Several mountain communities in Colorado have raised the age to legally buy tobacco from 18 to 21. But Ours said Colorado has no comprehensive statewide regulation of the sale of tobacco products. And thanks to a 45-year-old law, it doesn’t license the retail sale of them.

“We don’t even allow local governments to do that, in fact there’s a state preemption of that with a fiscal penalty on communities that do try to regulate the sale of tobacco products,” Ours says.

Another key: prices. Colorado cigarette and tobacco excise taxes are relatively low. It doesn’t apply tobacco taxes to vaping products at all. That makes them pretty cheap for teens. A pack of four Juul pods costs about $16. It’s the nicotine equivalent of 4 packs of traditional cigarettes that would cost about $24.

Jodi Radke, the regional director with the Campaign for Tobacco Free Kids, points out that teens “respond most heavily to taxation and price increases on tobacco.” The interim director of the state health department, Karin McGowan, agrees with a price-point approach since “youth have a lot less discretionary income than adults.”

The 2017 Healthy Kids Colorado Survey showed 58 percent of kids say it’s easy to get e-cigarettes. Of the kids they asked, just half think vaping is risky. Conversely, 87 percent see conventional tobacco smoking as risky.

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A student at Denver's South High School holds an anti-vaping poster on Nov. 29, 2018.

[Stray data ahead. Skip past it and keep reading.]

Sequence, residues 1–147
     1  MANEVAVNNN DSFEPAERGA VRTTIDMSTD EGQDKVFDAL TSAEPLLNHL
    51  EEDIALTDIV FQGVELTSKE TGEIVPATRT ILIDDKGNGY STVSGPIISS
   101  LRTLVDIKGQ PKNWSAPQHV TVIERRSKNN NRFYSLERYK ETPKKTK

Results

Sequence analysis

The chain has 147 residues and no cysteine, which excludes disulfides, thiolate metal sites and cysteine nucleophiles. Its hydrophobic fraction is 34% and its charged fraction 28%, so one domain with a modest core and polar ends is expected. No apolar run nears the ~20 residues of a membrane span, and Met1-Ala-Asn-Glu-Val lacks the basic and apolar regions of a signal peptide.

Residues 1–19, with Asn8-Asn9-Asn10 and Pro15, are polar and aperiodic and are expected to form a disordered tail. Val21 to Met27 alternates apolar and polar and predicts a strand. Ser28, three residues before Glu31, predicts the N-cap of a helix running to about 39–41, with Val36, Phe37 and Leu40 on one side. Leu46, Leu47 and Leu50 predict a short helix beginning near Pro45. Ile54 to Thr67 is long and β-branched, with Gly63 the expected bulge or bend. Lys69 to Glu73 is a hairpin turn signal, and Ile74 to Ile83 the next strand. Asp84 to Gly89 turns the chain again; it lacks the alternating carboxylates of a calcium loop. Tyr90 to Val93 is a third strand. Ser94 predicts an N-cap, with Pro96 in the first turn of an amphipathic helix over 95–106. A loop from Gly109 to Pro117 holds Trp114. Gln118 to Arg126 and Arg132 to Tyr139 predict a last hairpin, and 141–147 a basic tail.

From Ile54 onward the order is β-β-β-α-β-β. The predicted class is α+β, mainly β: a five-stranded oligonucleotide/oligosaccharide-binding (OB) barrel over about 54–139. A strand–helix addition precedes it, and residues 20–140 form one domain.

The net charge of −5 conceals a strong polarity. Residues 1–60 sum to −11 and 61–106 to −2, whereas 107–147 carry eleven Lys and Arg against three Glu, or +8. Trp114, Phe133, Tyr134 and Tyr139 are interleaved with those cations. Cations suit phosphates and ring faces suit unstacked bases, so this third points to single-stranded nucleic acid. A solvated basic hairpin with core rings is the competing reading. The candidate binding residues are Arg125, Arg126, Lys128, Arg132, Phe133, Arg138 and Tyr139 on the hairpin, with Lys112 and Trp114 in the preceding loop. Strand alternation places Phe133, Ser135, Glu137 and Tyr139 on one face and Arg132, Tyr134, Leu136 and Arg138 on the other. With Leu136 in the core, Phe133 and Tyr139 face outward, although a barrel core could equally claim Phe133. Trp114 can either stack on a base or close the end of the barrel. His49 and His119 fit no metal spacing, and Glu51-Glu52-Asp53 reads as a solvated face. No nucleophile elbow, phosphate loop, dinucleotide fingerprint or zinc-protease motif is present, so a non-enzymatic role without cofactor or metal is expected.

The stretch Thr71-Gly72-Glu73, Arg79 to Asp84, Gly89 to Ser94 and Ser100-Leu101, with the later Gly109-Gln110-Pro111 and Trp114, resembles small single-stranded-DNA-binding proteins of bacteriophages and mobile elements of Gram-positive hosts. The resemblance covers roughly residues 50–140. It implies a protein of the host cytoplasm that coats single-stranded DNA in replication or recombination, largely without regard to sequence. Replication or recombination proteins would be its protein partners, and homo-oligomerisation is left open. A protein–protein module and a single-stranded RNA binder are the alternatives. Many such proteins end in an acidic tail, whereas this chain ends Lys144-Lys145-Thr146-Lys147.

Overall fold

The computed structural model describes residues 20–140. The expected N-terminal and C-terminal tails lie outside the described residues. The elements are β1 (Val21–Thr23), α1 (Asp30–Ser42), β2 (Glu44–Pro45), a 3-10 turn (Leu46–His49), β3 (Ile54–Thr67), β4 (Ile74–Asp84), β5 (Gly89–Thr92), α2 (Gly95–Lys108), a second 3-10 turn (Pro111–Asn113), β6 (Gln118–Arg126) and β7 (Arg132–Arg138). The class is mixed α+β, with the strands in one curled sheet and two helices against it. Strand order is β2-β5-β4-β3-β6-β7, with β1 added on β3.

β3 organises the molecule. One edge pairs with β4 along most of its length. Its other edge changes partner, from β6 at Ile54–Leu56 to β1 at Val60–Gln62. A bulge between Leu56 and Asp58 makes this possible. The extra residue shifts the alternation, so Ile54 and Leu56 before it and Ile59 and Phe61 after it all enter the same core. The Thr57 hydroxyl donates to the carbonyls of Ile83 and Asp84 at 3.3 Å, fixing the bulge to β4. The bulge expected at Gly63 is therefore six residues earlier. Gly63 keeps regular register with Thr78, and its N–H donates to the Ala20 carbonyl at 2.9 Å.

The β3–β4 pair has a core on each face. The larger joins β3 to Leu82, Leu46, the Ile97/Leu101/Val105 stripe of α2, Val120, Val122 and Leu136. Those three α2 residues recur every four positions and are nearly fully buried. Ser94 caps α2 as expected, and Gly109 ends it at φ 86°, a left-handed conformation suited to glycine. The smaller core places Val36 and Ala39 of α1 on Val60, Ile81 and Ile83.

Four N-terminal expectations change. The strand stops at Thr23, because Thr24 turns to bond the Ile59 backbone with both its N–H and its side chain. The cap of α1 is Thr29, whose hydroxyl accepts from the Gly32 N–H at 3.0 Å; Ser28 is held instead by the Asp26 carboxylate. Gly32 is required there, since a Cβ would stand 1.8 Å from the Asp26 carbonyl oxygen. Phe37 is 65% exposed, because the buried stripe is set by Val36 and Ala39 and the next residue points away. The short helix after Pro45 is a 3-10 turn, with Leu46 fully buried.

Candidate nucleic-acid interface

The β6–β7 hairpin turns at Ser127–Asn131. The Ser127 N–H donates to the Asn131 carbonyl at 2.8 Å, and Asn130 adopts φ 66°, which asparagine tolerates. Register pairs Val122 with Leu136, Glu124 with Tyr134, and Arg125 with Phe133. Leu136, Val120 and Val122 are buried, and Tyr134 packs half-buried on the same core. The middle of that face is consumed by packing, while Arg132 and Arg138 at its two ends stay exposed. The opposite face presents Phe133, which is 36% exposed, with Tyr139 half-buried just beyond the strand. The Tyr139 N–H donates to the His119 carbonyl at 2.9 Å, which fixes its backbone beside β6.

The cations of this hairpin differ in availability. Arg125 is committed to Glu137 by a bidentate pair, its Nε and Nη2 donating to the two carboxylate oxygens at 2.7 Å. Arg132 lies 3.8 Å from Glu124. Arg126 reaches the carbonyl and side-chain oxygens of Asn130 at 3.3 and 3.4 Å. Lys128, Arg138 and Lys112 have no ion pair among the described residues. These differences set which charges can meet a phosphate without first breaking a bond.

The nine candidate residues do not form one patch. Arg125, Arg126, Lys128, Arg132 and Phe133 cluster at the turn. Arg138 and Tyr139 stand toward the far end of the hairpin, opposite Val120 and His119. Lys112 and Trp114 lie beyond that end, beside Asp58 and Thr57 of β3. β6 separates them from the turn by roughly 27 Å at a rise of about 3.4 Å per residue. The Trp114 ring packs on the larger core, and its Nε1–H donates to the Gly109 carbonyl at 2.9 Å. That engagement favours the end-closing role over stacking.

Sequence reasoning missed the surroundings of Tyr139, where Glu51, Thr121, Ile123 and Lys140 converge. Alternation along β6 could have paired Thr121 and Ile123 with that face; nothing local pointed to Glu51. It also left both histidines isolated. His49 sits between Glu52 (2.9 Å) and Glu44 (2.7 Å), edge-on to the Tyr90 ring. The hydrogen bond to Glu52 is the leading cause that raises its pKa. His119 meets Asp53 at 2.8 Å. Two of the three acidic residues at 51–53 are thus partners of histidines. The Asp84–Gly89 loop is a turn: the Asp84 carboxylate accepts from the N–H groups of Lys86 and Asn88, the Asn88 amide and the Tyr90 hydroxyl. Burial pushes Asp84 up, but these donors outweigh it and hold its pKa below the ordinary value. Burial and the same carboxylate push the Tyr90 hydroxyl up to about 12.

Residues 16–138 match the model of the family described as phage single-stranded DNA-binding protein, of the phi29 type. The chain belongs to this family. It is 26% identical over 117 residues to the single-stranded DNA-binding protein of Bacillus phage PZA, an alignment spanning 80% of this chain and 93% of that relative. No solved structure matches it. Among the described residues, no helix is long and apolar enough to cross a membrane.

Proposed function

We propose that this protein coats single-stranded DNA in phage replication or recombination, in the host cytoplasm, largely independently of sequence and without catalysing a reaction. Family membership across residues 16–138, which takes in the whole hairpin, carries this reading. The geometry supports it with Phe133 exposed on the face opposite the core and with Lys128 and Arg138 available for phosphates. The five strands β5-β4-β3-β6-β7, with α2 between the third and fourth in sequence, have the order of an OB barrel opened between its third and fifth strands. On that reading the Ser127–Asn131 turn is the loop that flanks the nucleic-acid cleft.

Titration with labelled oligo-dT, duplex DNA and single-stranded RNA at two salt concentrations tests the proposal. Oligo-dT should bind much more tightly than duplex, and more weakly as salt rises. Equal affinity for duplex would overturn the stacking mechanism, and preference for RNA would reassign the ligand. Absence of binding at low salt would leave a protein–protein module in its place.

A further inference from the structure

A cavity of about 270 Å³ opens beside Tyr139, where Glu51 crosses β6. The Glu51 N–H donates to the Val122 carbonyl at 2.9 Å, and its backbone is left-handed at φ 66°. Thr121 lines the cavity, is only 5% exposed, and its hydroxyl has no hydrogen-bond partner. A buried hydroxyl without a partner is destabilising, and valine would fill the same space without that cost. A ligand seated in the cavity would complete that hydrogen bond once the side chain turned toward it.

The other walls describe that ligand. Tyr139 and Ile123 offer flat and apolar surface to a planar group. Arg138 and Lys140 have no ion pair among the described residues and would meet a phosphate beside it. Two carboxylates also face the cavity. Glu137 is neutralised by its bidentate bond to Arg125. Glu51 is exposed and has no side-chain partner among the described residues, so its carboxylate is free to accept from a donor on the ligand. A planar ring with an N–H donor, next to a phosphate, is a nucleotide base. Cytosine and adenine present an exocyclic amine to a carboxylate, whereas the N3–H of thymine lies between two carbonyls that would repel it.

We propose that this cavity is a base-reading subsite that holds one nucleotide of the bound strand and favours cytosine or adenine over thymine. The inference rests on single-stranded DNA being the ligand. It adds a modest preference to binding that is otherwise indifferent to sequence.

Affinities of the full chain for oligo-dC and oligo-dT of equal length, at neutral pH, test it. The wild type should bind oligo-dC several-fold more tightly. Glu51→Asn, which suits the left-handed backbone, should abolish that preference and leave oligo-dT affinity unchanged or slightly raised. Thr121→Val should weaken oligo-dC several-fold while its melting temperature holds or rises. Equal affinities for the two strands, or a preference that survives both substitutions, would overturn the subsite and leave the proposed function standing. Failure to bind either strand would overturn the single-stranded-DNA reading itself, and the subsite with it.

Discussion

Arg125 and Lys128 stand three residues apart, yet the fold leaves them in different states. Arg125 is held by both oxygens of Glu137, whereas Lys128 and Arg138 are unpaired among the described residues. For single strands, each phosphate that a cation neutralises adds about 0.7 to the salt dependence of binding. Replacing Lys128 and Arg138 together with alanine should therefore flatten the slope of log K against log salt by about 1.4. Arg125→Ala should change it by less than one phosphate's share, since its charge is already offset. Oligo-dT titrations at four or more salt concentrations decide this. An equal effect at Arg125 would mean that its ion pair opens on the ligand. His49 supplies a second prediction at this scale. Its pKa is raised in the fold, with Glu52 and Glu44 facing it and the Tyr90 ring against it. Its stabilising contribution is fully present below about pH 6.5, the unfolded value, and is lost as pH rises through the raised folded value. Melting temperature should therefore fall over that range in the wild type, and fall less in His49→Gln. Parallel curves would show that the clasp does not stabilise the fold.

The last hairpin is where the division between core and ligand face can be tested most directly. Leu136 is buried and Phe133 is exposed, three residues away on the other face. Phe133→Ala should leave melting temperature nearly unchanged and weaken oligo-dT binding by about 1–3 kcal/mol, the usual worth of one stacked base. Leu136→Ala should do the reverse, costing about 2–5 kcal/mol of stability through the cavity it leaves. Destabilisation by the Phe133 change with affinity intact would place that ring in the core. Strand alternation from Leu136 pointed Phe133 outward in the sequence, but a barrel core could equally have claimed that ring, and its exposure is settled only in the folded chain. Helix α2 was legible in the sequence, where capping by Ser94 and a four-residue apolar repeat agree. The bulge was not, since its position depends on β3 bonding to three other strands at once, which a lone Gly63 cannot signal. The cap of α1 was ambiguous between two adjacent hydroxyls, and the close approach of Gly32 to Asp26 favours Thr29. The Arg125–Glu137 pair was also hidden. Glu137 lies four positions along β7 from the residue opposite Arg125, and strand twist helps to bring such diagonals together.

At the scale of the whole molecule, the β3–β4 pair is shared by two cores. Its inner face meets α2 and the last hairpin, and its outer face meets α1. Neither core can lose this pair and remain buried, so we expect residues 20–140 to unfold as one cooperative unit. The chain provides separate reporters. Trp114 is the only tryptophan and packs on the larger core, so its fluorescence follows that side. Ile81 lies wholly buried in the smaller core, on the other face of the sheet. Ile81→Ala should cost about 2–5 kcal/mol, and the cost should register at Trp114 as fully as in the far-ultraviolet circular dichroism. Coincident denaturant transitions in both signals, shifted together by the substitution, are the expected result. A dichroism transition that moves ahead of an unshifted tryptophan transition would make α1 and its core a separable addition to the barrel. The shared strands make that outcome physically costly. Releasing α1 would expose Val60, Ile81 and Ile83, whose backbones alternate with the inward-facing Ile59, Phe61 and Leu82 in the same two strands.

The governor is pushing back with an executive order that takes on the issue on several fronts: taxes on vaping products, stricter licenses for sellers and restrictions on candy-sounding flavors that appeal to kids. Hickenlooper’s tobacco prevention blueprint also recommends state lawmakers raise the minimum age of purchase from 18 to 21 for tobacco and vape products, and to consider the ban of flavored tobacco and e-cigarette items.

Tista Ghosh, the state’s interim chief medical officer, said the state needs to act quickly. She worries that vaping tobacco, and other stimulants, will become a social norm for a whole generation. “In the 1960s, about 45 percent of U.S. adults smoked. It wasn’t about a certain group. It was the norm,” Ghosh says. “It was Mad Men. And I don’t want us to be the Mad Men of vaping.”

Back at South High, the governor asks students to take responsibility for their health. “If you’re going to ingest something, stick to oxygen,” the state’s outgoing top politician tells the students.

Hickenlooper then led a chant that’s probably a ‘first’ for this auditorium: “No More Vape Tricks! No More Vape Tricks!”